1 March 2015
Last updated at 10:26
Egypt’s Islamist-dominated House of Representatives was dissolved in 2012
Egypt’s Supreme Court has ruled part of an election law unconstitutional, possibly delaying parliamentary polls which begin this month.
The ruling referred to sections of the law on division of electoral districts.
President Abdul Fattah al-Sisi ordered the law to be redrafted within a month.
Egypt’s main parliament chamber was dissolved in 2012. The elections are the final step of a transitional roadmap following the overthrow of President Mohammed Morsi.
They are scheduled to be held several stages, starting 22-23 March.
Former army chief Gen Sisi was elected president in May 2014.
Mr Sisi approved a constituencies law in December creating 567 parliamentary seats, 420 of which would be contested by individual candidates, 120 allocated according to party lists and 27 assigned by the president.
His supporters are expected to dominate the new chamber.
Mr Sisi has called for a prompt redrafting of the law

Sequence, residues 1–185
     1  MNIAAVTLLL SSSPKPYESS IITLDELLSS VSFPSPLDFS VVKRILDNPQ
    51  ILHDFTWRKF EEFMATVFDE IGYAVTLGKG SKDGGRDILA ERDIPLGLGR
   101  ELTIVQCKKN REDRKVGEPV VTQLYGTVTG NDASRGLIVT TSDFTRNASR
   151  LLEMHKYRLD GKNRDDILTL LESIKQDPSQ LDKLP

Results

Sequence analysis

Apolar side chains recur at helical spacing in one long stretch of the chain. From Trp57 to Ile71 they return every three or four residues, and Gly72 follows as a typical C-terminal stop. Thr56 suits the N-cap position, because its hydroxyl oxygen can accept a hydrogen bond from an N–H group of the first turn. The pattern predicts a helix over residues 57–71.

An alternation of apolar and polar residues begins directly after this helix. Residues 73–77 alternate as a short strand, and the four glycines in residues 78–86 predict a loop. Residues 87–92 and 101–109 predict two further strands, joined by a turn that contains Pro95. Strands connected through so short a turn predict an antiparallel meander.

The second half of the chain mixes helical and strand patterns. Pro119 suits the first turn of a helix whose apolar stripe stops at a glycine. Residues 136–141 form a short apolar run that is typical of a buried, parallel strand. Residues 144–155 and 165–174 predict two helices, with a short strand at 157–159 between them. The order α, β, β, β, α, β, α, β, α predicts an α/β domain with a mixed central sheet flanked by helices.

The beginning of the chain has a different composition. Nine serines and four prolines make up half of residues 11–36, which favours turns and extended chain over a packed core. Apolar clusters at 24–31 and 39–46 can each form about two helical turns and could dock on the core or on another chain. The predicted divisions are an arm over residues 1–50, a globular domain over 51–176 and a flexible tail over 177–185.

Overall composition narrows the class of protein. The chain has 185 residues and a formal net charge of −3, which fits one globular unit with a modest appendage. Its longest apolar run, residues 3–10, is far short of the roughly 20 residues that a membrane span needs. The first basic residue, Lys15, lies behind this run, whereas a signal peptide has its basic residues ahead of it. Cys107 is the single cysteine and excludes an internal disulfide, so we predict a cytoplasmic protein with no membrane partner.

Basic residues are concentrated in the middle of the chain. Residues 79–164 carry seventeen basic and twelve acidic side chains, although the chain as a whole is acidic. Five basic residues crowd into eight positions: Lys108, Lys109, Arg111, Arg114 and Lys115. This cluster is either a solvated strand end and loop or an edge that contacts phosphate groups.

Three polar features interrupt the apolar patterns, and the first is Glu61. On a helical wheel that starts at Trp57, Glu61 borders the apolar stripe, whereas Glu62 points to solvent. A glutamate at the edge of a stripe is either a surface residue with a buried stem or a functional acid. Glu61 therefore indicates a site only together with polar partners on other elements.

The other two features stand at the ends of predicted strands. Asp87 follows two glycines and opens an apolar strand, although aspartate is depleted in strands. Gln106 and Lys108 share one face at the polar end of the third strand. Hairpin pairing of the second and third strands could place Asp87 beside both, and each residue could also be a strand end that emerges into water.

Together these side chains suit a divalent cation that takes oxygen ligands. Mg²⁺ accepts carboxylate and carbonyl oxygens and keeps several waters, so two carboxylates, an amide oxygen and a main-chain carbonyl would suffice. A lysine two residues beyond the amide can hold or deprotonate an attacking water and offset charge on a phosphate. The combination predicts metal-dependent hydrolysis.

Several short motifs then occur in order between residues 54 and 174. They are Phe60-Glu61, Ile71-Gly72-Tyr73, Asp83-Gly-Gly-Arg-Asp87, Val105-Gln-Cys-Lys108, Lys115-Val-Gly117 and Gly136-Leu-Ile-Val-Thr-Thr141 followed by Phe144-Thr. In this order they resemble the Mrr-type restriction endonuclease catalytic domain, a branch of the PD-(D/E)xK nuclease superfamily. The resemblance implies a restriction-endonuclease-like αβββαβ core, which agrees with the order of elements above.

But lawyers who appealed against the law told AFP news agency that in its current form it did not adequately represent the electorate.
A statement from the Higher Electoral Commission is expected but an official told the private CBC channel that the vote would be delayed until it had reviewed the law.
Later a statement by Mr Sisi’s office said that he had ordered the redrafting of the law, demanding that “legal measures be undertaken to avoid delaying” the elections.
Crackdown on Islamists
The first two steps of the roadmap were the adoption of a new constitution in January 2014 and Mr Sisi’s election.
The previous House of Representatives was dominated by supporters of Mr Morsi and his Muslim Brotherhood, but since his overthrow the military has launched a crackdown on the Islamist movement that has left more than 1,500 people dead and more than 16,000 in detention.
Its powers were transferred to the consultative Shura Council pending fresh elections, but Mr Morsi was ousted before they could be held.
The Shura Council was then dissolved by the interim authorities before the new constitution did away with it altogether. Since then, the president has held all legislative powers.